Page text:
The most common asthma medicines come inside inhalers designed to take the medicines straight to your child’s lungs and airways.
Did you know? Using the right inhaler and spacer/facemask technique cuts your child’s risk of:
- Asthma symptoms
- A potentially life-threatening asthma attack
- Side-effects from their preventer inhaler, such as a sore throat or oral thrush. This is because more medicine gets down into the lungs where it’s needed rather than staying in their mouth or hitting the back of their throat where it’s no help at all.
If you feel confident about your child’s inhaler and spacer/facemask technique, you can help them feel more confident too.
Watch our videos showing how to help your child use their inhaler.
If your child is going through a trial of treatment because they have suspected asthma, is newly diagnosed with asthma, has recently been given a new type of inhaler or has been taking the same asthma medicines for ages, it’s really important that you, and your child if they’re old enough, understand what inhalers your child needs to take, when they need to take them and why. If they do, they can get the full dose of their asthma medicines and stay well. Getting the full dose is important because it cuts your child’s risk of:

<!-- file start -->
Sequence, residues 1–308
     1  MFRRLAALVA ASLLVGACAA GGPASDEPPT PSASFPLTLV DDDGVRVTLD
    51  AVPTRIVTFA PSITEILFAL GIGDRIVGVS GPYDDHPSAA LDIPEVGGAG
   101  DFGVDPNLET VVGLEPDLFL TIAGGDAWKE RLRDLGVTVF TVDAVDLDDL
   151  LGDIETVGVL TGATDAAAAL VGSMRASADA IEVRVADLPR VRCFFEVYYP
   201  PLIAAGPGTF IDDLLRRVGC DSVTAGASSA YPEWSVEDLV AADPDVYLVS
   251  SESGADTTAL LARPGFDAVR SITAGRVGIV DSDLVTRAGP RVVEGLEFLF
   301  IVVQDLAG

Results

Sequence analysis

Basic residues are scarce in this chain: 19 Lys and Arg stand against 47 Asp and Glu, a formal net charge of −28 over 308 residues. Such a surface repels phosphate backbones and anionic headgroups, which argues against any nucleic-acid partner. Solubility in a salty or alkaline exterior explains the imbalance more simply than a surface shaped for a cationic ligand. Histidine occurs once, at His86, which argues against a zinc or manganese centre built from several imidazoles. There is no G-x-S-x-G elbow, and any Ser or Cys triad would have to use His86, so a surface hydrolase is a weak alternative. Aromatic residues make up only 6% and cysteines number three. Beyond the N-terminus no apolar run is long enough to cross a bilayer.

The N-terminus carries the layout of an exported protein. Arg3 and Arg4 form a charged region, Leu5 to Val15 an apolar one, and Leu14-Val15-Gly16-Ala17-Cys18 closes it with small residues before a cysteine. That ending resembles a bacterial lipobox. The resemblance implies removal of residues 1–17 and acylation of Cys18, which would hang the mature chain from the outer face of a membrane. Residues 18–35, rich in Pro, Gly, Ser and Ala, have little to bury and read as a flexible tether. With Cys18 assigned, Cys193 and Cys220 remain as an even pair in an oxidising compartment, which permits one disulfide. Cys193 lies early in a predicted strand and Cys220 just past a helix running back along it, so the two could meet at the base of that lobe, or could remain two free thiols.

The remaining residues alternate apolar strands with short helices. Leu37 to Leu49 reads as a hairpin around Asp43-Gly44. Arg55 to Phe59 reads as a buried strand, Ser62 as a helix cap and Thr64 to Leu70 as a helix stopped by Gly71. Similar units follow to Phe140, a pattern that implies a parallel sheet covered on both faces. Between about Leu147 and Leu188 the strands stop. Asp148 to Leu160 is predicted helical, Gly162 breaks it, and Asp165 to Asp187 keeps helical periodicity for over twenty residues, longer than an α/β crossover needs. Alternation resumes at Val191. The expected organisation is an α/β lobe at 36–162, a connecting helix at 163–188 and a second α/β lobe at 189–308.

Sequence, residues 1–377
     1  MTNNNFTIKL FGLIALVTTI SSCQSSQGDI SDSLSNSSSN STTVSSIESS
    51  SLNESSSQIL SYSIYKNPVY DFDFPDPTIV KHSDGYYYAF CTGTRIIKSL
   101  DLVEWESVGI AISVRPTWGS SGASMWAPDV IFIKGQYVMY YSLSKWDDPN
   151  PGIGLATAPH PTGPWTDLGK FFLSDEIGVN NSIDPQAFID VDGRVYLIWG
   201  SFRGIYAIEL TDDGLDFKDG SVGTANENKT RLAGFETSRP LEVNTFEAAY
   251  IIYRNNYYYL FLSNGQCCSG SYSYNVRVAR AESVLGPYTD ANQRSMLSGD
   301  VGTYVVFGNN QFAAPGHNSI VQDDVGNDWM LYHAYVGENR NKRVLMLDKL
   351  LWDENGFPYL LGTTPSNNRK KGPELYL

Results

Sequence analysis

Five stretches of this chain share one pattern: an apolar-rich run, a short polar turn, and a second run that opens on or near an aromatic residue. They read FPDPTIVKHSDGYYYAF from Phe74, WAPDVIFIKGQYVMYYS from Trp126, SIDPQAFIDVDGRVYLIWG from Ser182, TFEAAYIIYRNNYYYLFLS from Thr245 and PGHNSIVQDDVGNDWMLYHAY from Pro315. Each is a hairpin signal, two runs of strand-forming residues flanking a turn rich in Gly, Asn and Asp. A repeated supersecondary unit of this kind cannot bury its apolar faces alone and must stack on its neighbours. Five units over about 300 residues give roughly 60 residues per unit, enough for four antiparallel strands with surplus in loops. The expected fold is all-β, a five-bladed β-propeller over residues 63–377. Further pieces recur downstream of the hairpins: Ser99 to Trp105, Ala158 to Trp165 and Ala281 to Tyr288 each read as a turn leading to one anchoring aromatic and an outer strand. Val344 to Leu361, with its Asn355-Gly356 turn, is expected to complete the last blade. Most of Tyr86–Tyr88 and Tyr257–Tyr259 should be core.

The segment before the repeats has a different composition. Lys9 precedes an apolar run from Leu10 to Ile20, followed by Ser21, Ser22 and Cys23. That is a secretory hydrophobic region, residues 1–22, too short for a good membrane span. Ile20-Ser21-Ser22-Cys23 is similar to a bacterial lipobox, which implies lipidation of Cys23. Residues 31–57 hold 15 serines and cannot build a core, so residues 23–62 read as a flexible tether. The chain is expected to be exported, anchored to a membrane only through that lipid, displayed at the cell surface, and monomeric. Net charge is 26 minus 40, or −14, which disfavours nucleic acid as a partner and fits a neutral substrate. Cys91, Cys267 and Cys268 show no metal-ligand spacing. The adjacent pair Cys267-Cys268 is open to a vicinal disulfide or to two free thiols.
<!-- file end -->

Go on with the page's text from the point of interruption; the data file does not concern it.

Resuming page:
- asthma symptoms
- a potentially life-threatening asthma attack
What you need to know:
- There are lots of different types of inhalers and spacers that work in different ways.
- Most children with asthma are prescribed the two main types of asthma inhaler – a daily preventer inhaler to help protect their airways and cut the chance of triggers causing asthma symptoms and a reliever inhaler (usually blue) to use if they get symptoms.
- Most children with asthma are also given a spacer or facemask to use with their inhaler. You can read more about using spacers and facemasks here.
Your child’s GP, asthma nurse or respiratory consultant will explain which type(s) of inhaler they need and why, and exactly when they need to take them. If you have any questions or worries about your child’s medicines, you can:
- Take time to read our pages about asthma medicines for children
- Chat to one of our friendly asthma nurses on our Helpline on 0300 222 5800 or via WhatsApp on 07373 606728 (Monday-Friday, 9am-5pm).
- Read the Patient Information Leaflets (PILs) that come inside the medicine boxes
- Make an appointment with your child’s GP or asthma nurse
- Ask a pharmacist to run through the information with you.
1. Check your child’s inhaler and spacer/facemask technique
Helping your child use an inhaler and spacer/facemask might feel a bit daunting at first, especially if you don’t know anyone close to you with asthma.